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Mr Panagiotis Theoulakis

3 Reviews

I went to the Shaftesbury Avenue clinic last November. The results are pretty good - I've gone from -6 in both eyes to having near perfect vision. The downside is that I suffer from very dry eyes, and can sometimes have trouble fo ... Read more

Mr. Theoulakis is an experienced Ophthalmic Surgeon who has been working full time with the NHS in London since 2008. He has been running theatre lists at four London hospitals and specialises in complex cases. He is registered with the General Medical Council (GMC) and is on the specialist register as an Ophthalmologist.

Mr. Theoulakis has undergone specialist training in refractive surgery and is committed to delivering excellent patient care. He is also fluent in three languages and has worked in the Ophthalmology departments of hospitals around the world in order to gain experience and research in ophthalmic procedures.

Mr. Theoulakis gained his first class medical degree at the National University of Athens in 2002, he also trained in Switzerland and Northern Ireland in order to gain further ophthalmic qualifications. He regularly provides clinical teaching to medical students and presents regularly to specialist registrars and medical students. He is also an active fellow of the European Board of Ophthalmology (EBO) and a member of the American Academy of Ophthalmology (AAO), European Society for Cataract and Refractive Surgery (ESCRS), American Society of Cataract and Refractive Surgeons (ASCRS), and British Society for Refractive Surgery (BSRS). Twice every year, Mr. Theoulakis attends International Medical Advisory Board (IMAB) conferences and is annually assessed by this board. The panel consists of several of the world’s most eminent Refractive Surgeons including Mr. Steve Schallhorn, former Head of Ophthalmology for the US Navy, and Dr. Jan Venter, a world leading Ophthalmic Surgeon.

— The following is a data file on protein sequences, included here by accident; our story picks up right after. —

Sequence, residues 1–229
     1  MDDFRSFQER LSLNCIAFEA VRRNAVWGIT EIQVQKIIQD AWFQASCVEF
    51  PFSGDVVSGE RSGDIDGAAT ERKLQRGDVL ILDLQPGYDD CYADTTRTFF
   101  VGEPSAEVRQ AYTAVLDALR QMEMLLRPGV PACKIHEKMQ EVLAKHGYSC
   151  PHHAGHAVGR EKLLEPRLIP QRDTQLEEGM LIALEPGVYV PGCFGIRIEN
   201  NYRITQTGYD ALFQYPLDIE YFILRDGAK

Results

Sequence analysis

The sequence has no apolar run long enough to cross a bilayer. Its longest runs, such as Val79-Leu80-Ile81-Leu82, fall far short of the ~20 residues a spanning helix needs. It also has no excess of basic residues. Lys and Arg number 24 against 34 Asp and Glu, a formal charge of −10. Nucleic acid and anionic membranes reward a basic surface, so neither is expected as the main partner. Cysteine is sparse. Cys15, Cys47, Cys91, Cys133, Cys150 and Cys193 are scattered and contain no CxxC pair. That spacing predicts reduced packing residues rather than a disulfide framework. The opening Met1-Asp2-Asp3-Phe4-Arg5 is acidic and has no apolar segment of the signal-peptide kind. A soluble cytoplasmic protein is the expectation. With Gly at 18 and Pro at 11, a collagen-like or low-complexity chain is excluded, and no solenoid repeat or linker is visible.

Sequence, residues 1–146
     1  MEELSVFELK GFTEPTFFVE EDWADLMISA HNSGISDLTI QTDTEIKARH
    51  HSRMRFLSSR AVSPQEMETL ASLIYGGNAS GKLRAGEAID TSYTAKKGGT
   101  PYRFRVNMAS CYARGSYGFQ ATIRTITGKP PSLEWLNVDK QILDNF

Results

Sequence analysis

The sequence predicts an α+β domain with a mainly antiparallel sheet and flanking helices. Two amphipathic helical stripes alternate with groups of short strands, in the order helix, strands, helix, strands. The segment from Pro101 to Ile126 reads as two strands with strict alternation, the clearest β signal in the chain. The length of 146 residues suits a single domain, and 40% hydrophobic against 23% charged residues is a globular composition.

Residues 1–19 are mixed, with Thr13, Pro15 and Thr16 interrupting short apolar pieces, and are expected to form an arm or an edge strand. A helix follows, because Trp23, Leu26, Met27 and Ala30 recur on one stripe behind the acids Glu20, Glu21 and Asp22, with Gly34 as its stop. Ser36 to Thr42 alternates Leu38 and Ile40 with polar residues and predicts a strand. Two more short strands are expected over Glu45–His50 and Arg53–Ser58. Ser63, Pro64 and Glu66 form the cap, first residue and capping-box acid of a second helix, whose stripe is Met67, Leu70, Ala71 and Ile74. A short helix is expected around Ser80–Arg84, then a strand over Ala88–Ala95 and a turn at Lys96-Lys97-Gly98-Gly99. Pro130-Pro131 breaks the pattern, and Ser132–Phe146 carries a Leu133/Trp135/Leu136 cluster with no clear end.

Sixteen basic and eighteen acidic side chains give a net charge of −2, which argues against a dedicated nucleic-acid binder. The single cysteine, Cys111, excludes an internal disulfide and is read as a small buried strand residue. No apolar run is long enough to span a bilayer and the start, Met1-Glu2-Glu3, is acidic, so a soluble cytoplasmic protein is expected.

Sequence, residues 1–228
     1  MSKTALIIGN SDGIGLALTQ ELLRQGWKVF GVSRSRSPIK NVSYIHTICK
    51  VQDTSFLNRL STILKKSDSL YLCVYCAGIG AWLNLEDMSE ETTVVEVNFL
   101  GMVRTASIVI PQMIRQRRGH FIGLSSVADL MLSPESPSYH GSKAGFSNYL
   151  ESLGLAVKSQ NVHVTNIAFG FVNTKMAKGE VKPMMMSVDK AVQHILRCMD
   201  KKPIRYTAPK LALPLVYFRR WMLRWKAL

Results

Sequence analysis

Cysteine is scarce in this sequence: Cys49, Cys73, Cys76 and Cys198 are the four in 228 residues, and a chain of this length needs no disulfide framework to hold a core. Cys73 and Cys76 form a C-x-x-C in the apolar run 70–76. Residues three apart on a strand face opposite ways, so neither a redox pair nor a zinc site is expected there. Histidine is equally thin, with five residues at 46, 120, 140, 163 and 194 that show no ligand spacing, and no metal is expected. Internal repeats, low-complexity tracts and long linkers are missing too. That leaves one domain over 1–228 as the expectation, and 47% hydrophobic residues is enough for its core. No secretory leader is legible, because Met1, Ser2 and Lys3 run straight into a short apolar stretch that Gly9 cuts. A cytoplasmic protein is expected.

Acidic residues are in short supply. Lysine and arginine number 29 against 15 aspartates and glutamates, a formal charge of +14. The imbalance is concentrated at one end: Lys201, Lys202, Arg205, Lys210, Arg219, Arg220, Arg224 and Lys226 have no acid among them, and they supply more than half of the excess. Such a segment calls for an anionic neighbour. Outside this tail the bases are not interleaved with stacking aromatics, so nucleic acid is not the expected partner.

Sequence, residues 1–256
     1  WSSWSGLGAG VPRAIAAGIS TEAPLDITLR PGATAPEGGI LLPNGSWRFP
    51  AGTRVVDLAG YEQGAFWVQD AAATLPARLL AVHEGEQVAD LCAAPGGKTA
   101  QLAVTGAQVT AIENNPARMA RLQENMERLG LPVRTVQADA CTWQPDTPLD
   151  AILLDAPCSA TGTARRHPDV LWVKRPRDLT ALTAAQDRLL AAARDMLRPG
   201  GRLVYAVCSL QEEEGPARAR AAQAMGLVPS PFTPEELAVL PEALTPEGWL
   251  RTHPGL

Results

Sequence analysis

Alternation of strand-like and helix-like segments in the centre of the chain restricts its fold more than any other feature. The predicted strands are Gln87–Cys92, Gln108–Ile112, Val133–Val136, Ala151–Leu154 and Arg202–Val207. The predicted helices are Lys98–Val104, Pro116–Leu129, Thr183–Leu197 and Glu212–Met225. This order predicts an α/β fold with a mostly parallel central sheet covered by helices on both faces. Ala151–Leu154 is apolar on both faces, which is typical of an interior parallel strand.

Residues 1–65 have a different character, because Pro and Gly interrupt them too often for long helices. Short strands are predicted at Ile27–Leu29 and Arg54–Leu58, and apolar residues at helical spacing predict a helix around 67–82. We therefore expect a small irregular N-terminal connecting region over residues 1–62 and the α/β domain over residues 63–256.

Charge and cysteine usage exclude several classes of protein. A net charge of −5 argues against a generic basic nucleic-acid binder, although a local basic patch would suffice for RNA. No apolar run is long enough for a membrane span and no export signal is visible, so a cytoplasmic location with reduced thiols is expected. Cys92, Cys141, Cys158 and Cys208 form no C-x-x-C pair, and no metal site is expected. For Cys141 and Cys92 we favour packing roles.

Mr. Theoulakis is actively involved in ongoing research and has had his work presented internationally and published in many accredited peer-reviewed journals. He enjoys teaching as well as being involved in the examining of medical students. He prides himself on keeping abreast of all developments in the fast paced field of refractive surgery.

Professional Memberships

* General Medical Council (GMC) – Member
* European Board of Ophthalmology (EBO) – Fellow
* American Academy of Ophthalmology (AAO) – Member
* European Society for Cataract and Refractive Surgery (ESCRS) – Member
* American Society of Cataract and Refractive Surgeons (ASCRS) – Member